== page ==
Performance » 4
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PERFORMANCE | 4 out of 10
The steering doesn't communicate much, but it gets the job done.
Sadly, it seems Chrysler managed to corral the 210 sickliest, overworked and over-the-hill ponies this side of True Grit.
The Liberty's unspectacular acceleration would be tolerable if it achieved good fuel mileage
Liberty never lets you forget that it's a truck. Body lean is prevalent, and the tires squeal even in modest cornering.
this 3.7-liter V-6 is beyond anemic
The Liberty's powertrain can move the Liberty quickly enough, but we have no kind words for it. The 210-horsepower, 3.7-liter V-6 engine is torquey enough, but its rather low-revving, raspy, and not altogether smooth character just barely fits in with the Liberty's more rugged character. Because it's a low-revver, relatively speaking, it manages just fine with the somewhat rough-shifting four-speed automatic.Rear or four-wheel-drive layouts are offered throughout the lineup. Four-wheel-drive models don't track quite as well on the road, but in either model the steering is reasonably responsive. That said, neither handling isn't great, as it feels uncertain especially over choppy highway surfaces; but it does translate to good low-speed maneuverability--an attribute that weekend warriors and city-dwellers will like.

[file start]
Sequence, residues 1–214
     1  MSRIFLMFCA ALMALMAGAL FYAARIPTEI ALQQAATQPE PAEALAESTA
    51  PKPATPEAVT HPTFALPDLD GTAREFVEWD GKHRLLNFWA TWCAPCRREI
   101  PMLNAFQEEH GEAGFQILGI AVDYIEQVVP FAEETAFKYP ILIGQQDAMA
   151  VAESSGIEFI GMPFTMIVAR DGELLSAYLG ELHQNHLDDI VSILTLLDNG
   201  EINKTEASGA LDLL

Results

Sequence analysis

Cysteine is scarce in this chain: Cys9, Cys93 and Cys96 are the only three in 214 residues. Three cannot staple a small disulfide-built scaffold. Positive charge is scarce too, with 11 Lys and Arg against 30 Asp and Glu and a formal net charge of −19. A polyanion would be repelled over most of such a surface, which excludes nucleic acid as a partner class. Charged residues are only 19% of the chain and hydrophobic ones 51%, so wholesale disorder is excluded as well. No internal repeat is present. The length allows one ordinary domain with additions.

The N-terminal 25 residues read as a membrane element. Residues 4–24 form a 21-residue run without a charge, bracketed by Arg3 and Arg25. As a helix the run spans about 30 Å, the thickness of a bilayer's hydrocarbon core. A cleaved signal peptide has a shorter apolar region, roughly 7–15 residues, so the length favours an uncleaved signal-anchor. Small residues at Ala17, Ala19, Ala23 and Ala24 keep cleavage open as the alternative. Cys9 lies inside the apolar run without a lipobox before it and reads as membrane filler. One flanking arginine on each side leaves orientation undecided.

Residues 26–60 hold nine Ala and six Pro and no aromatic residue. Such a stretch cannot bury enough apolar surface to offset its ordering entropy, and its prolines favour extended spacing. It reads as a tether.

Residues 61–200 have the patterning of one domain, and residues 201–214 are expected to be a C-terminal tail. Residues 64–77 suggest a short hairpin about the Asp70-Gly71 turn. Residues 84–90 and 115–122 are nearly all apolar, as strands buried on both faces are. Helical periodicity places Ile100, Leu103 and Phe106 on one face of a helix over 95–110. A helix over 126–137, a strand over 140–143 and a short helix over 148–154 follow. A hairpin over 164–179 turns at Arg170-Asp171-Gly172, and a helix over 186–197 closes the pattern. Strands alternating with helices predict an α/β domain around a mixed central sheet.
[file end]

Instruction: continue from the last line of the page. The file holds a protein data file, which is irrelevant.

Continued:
Off-roading remained one of the best reasons for choosing the Liberty over a more easygoing crossover model, yet Jeep has, puzzlingly, dropped the trail-focused Renegade model for 2012. Two 4WD systems remain offered: Selec-Trac II is a full-time system that's also off-road capable but better oriented for snowy roads, while Command Trac is a part-time system intended for trail-running.
The 2012 Jeep Liberty has disappointing performance on the road.